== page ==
Think you've done everything necessary for your engine? Read on to find out.
By January, most boats have been put away for the winter, but if you’ve committed any of these five faux pas, there’s still time to correct them before your mechanic has to fix them in spring.
1. When you changed oil in your fourstroke, did you put a new drainscrew gasket on the drain plug? Most have a compressible copper gasket. Be judicious in tightening the plug. It’s steel going into aluminum, so Superman strength will strip the threads, but a whole lot less torque will calm the waters with oil.
The net result, since mechanics don’t take first-born as payments, is a big hit to the Visa card.
2. There’s no question in my mind you changed lower unit gear oil. When you had the drain screws out, it’s probable that one came out with a gasket on it and one didn’t. It’s probable you didn’t notice and can’t see the gasket in one of the holes, so without replacing both gaskets — the proper way — you run the screws back in. Now one screw has two gaskets and the other has no gasket. This “new math” allows the oil to disperse on the pristine waters as the gear oil warms and expands, and suck water in as the gearcase cools. The easy thing to do is remove the upper drain screw and see how many gaskets are on it and in the hole. Only one? Breathe a sigh of relief. Two? You know what to do.
3. An inboard/outboard has become a nemesis as folks encourage manufacturers to create “out of sight, out of mind” rigs. The engine is inaccessible. If you can get to the recirculation hoses (assuming raw-water cooling), you can drain most of the block water. But what about the “cool can,” exhaust riser and power steering cooling? It’s not too late. (I hope!) Go to any reputable marine dealer and get a winterization rig that allows you to run the engine on flush-muffs until it’s warm. Then flip a lever and the engine pulls non-toxic antifreeze (three to five gallons) from a big bucket you just bought. When prop-exhaust discharge comes out pink like antifreeze, let it run until your supply is exhausted, shut the engine off, recheck the hose connections and you’re done. If your engine is freshwater cooled, all you need to do is check the antifreeze for its protection level — it’s already protecting the things you can’t see or don’t think about.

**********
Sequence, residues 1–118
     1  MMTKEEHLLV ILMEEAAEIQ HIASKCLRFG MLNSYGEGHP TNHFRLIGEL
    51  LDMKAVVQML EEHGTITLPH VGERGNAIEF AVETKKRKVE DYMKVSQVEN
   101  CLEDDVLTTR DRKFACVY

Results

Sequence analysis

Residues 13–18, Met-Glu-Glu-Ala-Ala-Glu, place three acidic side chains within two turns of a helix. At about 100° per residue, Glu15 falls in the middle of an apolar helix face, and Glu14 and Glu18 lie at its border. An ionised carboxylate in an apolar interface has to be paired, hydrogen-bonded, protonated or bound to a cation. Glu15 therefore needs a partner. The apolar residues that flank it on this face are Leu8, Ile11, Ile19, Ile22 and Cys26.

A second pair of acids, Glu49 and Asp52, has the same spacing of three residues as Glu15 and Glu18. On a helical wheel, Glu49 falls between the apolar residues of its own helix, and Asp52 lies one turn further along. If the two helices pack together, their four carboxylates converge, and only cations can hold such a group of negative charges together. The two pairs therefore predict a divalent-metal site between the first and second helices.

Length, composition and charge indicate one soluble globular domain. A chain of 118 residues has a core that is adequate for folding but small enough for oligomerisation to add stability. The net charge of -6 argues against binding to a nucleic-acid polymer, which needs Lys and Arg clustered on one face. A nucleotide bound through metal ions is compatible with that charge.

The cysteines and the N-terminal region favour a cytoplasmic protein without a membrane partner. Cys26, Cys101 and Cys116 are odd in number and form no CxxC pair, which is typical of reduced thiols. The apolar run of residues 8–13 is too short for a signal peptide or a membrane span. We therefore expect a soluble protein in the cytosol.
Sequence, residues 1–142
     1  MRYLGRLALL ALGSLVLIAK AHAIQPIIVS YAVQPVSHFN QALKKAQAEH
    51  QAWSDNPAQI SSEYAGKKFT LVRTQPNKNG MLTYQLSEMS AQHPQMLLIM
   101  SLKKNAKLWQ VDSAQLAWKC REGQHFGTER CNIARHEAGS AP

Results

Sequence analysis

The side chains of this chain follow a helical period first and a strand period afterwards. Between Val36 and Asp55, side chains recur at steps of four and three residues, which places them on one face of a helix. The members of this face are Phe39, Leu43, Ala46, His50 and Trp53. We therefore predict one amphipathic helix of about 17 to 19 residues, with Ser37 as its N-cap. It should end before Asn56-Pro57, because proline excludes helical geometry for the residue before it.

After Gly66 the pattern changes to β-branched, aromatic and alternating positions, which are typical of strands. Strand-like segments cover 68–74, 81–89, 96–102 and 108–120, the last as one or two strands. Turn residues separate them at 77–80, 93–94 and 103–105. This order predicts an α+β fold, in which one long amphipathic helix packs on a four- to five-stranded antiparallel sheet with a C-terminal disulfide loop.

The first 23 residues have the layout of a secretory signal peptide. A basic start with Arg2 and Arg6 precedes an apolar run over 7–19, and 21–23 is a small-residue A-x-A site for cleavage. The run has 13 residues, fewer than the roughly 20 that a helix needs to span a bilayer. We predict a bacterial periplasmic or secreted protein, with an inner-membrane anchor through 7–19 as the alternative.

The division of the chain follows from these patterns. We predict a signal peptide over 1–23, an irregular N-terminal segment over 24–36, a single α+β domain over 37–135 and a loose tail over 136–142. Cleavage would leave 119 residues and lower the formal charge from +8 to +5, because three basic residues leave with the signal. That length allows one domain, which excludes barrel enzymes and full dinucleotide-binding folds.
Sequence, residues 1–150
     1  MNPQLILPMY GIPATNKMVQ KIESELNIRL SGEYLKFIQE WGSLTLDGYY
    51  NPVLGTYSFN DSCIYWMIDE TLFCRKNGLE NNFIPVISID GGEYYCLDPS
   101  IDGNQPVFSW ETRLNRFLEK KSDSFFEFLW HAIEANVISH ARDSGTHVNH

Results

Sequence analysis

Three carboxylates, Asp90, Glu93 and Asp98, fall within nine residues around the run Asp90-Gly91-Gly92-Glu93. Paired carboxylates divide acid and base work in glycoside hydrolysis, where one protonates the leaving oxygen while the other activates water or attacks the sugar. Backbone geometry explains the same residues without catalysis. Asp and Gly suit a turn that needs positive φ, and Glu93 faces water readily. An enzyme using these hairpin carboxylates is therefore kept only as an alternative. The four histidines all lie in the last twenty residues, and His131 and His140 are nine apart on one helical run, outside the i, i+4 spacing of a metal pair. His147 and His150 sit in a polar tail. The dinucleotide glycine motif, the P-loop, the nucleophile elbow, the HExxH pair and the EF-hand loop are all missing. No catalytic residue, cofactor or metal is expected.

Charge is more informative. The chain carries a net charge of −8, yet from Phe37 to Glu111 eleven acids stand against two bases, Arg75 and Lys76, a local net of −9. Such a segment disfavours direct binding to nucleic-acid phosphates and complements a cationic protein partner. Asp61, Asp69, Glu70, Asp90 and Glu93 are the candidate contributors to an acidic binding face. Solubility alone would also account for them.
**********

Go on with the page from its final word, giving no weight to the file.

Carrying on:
4. Steering resistance only increases over the winter. If your mechanical steering was tight in the fall, it’ll be impossible to move in the spring, and what happens following launch is fodder for many an observer’s story. The tilt tube on many engines — where the mechanical steering ram goes through — still isn’t stainless, while the ram is. The tube “grows” rust, which the ram tries to scrape off. There comes a point when it’s scraped as much as it can and the rust that’s growing clamps down on the ram. Grease will help, but not retroactively.
If you want to get your boat dirty without a tech ever touching it, remove the steering arm from the ram. Remove the big nut from the cable where it attaches to the tube. Remove the ram from the tube and use a household radiator brush to clean the tube’s insides. On the front of the engine will be two grease fittings, often mistaken for steering fittings. They’re tilt fittings. Remove the fitting on the right where the ram exits. Using a drill bit smaller than the threaded hole, drill into the tilt tube and clean up the metal bits. Reinstall the grease fitting and check that when you hook up your grease gun, grease squirts into the tube. Voila! Now your engine is just like the new ones, and the steering is free again. Reassemble it the way you disassembled it. Then give the steering fitting halfway down the vertical midsection a little shot of joy.
5. Did you remove the boat’s batteries for the winter and leave them charging in the garage? Did you just remove battery cables willy-nilly and let them fall into the bilge without tie-strapping groups? I get an easy half-dozen calls a year asking me to replace the starter on a customer’s engine when all that happened was the owner failed to notice one big, black ground cable lying in the bilge behind the batteries. Take this time to climb under the boat cover with your flashlight, locate all the wires and cables, and tie-strap POS and NEG for both batteries separately. Since it’s easy to use a phone as a camera, why not take a picture of the number of cables coming to each battery, then print the pics and use them to ensure you have the right number of cables on the proper battery when you reinstall the batteries?
Give me (and other marine mechanics) a break by checking these five items before your problem becomes my spring income.